is it any wonder that scarcely one among a hundred samurai who went into trade could succeed in his new vocation? It will be long before it will be recognized how many . for it is natural that "the normal conscience. of the business houses fail in so industrial a country as America. feudalism was abolished. etc. Now you may ask. therefore. but in their relations with people outside their vocation. such fundamental mercantile institutions as the guild. The obloquy attached to the calling naturally brought within its pale such as cared little for social repute. when the country was opened to foreign trade. in feudal Japan did not reach that degree of development which it would have attained under freer conditions. insurance. those who had hearts to feel could not sympathize enough.Bushido: the Soul of Japan 37/95 Commerce.. This being the case. while the respectable business houses declined for some time the repeated requests of the authorities to establish branch houses. can be transacted without a code of morals. bills of exchange. "Why could they not bring their much boasted veracity into their new business relations and so reform the old abuses?" Those who had eyes to see could not weep enough. through sheer lack of shrewdness in coping with his artful plebeian rival. and easily falls to the limit of the standard expected from it. the tradesmen lived too true to the reputation of their order. checks. Our merchants of the feudal period had one among themselves. "Call one a thief and he will steal:" put a stigma on a calling and its followers adjust their morals to it. and when with it the samurai's fiefs were taken and bonds issued to them in compensation. they were given liberty to invest them in mercantile transactions. the bourse. only the most adventurous and unscrupulous rushed to the ports. the bank. commercial or otherwise. "rises to the demands made on it. without which they could never have developed. Was Bushido powerless to stay the current of commercial dishonor? Let us see. with the fate of many a noble and honest samurai who signally and irrevocably failed in his new and unfamiliar field of trade and industry. as they did." It is unnecessary to add that no business." as Hugh Black says. Those who are well acquainted with our history will remember that only a few years after our treaty ports were opened to foreign trade. When we know that eighty per cent.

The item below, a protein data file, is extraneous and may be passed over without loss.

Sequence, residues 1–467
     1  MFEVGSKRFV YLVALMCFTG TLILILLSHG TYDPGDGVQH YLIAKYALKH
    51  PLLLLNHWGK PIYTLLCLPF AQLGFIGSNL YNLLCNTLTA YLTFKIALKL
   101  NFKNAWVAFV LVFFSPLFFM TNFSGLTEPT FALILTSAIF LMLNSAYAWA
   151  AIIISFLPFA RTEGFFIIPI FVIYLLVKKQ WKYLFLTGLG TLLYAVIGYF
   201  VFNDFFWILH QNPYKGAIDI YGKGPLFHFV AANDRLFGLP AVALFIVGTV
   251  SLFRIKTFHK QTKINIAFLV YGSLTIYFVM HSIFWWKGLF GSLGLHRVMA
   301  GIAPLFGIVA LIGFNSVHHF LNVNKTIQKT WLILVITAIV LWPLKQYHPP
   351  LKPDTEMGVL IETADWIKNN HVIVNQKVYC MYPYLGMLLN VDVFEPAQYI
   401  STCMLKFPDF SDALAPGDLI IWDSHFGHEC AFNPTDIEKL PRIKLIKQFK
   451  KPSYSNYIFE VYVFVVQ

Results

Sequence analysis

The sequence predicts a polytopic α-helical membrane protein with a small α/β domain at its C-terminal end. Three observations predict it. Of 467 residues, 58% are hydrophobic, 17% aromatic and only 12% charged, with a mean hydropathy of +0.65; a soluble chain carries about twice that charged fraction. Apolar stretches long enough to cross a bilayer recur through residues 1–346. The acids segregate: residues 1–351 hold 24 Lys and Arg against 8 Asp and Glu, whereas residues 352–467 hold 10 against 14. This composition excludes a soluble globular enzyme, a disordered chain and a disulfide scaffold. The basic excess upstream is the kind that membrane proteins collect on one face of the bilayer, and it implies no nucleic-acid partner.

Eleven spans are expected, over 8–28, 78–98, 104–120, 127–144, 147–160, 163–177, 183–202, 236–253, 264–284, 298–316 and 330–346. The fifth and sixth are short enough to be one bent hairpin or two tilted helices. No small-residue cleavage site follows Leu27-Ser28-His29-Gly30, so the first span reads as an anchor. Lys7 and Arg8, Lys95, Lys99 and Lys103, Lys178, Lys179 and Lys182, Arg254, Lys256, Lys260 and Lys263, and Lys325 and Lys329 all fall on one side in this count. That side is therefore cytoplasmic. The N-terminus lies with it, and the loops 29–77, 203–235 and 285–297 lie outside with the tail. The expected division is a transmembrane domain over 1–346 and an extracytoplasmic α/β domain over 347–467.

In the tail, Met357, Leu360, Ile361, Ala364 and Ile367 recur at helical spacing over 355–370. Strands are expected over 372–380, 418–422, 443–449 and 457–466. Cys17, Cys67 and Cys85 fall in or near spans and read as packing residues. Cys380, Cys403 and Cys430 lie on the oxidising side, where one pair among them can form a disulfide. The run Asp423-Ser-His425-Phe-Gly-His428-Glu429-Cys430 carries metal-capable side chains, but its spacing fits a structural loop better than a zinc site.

Bismarck sent a circular to the professional consuls of the German Empire. the political. nay. It is in its philosophical. viz: the industrial. With all my sincere regard for the high commercial integrity of the Anglo-Saxon race. but. the shrewder tradesman will readily accept it. then.[15] It is interesting to remark in this connection that integrity and honor were the surest guaranties which even a merchant debtor could present in the form of promissory notes. it is the foster-child of industry. As to the second. as late as November 1880. as Nietzsche puts it. then." that it _pays_ to be honest. Veracity will prove an easy. apparent both as to quality and quantity. I am told that "Honesty is the best policy. Without this mother. "Honesty is the youngest of virtues" -. I am afraid Bushido would rather indulge in lies! If Bushido rejects a doctrine of _quid pro quo_ rewards. warning them of "a lamentable lack of reliability with regard to German shipments _inter alia_. Already our merchants are finding that out. in its highest aspect. the tender child failed to thrive. were they different? Of the three incentives to Veracity that Lecky enumerates. Industries advancing. Lecky has very truly remarked that Veracity owes its growth largely to commerce and manufacture. For the rest I recommend the reader to two recent writers for well-weighed judgment on this point. Is not this virtue. for want of a more democratic and utilitarian fostermother. and the philosophical.in other words. of modern industry. Veracity was like a blue-blood orphan whom only the most cultivated mind could adopt and nourish. Just think." now-a-days we hear comparatively little of German carelessness and dishonesty in trade. when I ask for the ultimate ground. a profitable. that Honesty attained elevated rank in our catalogue of virtues. In twenty years her merchants learned that in the end honesty pays. but it was soon patent to every observing mind that the ways of wealth were not the ways of honor. In what respects. its own reward? If it is followed because it brings in more cash than falsehood.Bushido: the Soul of Japan 38/95 fortunes were wrecked in the attempt to apply Bushido ethics to business methods. It was quite a usual thing to insert such clauses . Such minds were general among the samurai. it could develop little in a political community under a feudal system. and as Lecky says. the first was altogether lacking in Bushido. virtue to practice.